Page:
AWIPS images of GOES-13 sounder Convective Available Potential Energy or CAPE (above; click image to play animation) and Total Precipitable Water or TPW (below; click image to play animation) with surface frontal analyses revealed the sharp gradient of both instability and moisture across the dryline — just to the east of the dryline, CAPE values exceeded 4000 J per kg (darker purple color enhancement), while TPW values were generally in the 30-40 mm or 1.2-1.6 inch range (shades of yellow). In addition, GOES-13 sounder Lifted Index values were in the -8 to -10º C range across parts of Kansas into southeastern Nebraska prior to convective initiation.

GOES-13 sounder Total Precipitable Water (TPW) derived product imagery (click to play animation)

GOES-13 sounder Total Precipitable Water (TPW) derived product imagery (click to play animation)

A 19:36 UTC Suomi NPP VIIRS 11.45 µm IR channel image (below) showed the early stages of convective development along the dryline in far southwestern Kansas; the coldest cloud-top IR brightness temperature value at that time was -80º C, just west of Dodge City, Kansas KDDC (corresponding GOES-14 visible image).

Suomi NPP VIIRS 11.45 µm IR channel image, with METAR surface reports

Suomi NPP VIIRS 11.45 µm IR channel image, with METAR surface reports

A comparison of POES AVHRRR 12.0 µm IR channel images (below) showed the explosive convective growth over Kansas and Nebraska in the 3-hour period between 19:56 UTC and 22:53 UTC.

POES AVHRR 12.0 µm IR channel images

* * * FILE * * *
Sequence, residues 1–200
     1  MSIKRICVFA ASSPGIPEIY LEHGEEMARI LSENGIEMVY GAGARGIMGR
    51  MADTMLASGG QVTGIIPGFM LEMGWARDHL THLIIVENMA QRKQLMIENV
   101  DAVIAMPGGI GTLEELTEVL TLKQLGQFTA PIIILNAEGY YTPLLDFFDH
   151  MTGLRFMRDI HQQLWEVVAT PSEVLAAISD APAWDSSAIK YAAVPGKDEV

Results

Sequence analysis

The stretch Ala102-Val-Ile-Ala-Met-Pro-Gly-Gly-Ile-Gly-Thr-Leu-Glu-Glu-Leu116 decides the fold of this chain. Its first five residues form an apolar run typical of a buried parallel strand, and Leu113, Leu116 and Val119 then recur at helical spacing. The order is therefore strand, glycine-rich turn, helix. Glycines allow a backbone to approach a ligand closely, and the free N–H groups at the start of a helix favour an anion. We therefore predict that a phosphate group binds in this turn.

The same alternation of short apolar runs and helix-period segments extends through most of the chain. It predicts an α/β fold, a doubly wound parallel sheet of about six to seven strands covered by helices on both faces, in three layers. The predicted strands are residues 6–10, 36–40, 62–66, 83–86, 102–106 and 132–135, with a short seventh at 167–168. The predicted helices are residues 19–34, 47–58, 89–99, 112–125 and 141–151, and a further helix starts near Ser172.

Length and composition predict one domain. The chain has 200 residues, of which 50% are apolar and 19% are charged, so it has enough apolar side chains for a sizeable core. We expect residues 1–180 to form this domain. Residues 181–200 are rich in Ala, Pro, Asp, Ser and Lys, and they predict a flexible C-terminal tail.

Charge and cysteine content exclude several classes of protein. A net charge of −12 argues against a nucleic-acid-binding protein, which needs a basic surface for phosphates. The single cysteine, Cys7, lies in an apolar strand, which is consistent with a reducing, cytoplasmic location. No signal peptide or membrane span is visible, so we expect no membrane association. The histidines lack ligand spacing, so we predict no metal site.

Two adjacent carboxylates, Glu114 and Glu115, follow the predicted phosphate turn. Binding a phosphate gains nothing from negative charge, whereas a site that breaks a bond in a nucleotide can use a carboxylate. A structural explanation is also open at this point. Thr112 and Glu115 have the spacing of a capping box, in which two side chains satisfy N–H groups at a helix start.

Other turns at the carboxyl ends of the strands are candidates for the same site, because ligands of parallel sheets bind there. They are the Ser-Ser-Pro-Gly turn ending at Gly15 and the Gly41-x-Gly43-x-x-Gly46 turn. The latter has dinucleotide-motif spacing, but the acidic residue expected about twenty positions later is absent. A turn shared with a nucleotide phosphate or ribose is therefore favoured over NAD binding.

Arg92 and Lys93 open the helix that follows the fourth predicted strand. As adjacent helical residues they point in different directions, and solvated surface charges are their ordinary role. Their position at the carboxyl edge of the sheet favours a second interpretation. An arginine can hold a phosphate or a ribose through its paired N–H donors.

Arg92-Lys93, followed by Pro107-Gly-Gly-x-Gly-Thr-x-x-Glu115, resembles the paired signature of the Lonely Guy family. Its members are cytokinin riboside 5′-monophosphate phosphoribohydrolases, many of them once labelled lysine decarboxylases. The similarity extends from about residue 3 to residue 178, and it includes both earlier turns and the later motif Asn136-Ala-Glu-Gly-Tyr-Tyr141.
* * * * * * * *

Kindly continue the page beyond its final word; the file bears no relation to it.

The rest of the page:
POES AVHRR 12.0 µm IR channel images

Additional details on this event can be found on the RAMMB GOES-R Proving Ground Blog.

Hail-Producing storm over the Texas Hill Country

May 9th, 2014
ProbSevere_09May2014_1400

AWIPS-2 display of a strong thunderstorm over Texas, including ProbSevere Readouts at 1400 UTC

A hail-producing storm (cick here for Storm reports from SPC) moved through Edwards, Real and Bandera counties of Texas after sunrise on May 9th. This storm gives a nice opportunity to compare ProbSevere and GOES-14 SRSO-R depictions of a severe storm. The 1400 UTC image, above, shows ProbSevere > 95%, with a MESH just over 1″. Within the next 10 minutes, MESH increased to 1.48″ at 1406 UTC (when ProbSevere was 96%), and to 1.92″ at 1408 UTC (see image below, when ProbSevere was 99%). A Severe Thunderstorm Warning was issued at 1408 UTC.

ProbSevere_09May2014_1408

AWIPS-2 display of a strong thunderstorm over Texas, including ProbSevere Readouts at 1408 UTC

The storm maintained its strength over the following half hour. Imagery from 1436 shows MESH values near 1.50″ and ProbSevere is at 99%. At 1442 UTC, the radar shapefile vanishes from the display, a result of processing errors, but it is back at 1444 UTC. Note that the Satellite Predictors have flipped at 1444 UTC from values derived at 1015 UTC to ‘Mature Storm‘ (this change has nothing to do with the missed processing at 1442 UTC). Recall that ProbSevere is designed to probabilistically determine whether or not a storm will produce severe weather in the next 60 minutes. ‘Mature Storm’ designations serve as a reminder that Probabilities have been elevated for a long period of time.

At 1458 UTC, below, near the end of the Severe Thunderstorm warning, the MESH value that is incorporated into the ProbSevere computation has decreased to 1.17″, and ProbSevere has dropped to “only” 97%. At 1502 UTC, however, MESH has started to increase again, to 1.21″ (and ProbSevere remains high); a second severe thunderstorm warning is issued at 1504 UTC when MESH is at 1.53″ (and ProbSevere is at 99% again). ProbSevere remains high through 1530 UTC.

ProbSevere_09May2014_1458

AWIPS-2 display of a strong thunderstorm over Texas, including ProbSevere Readouts at 1458 UTC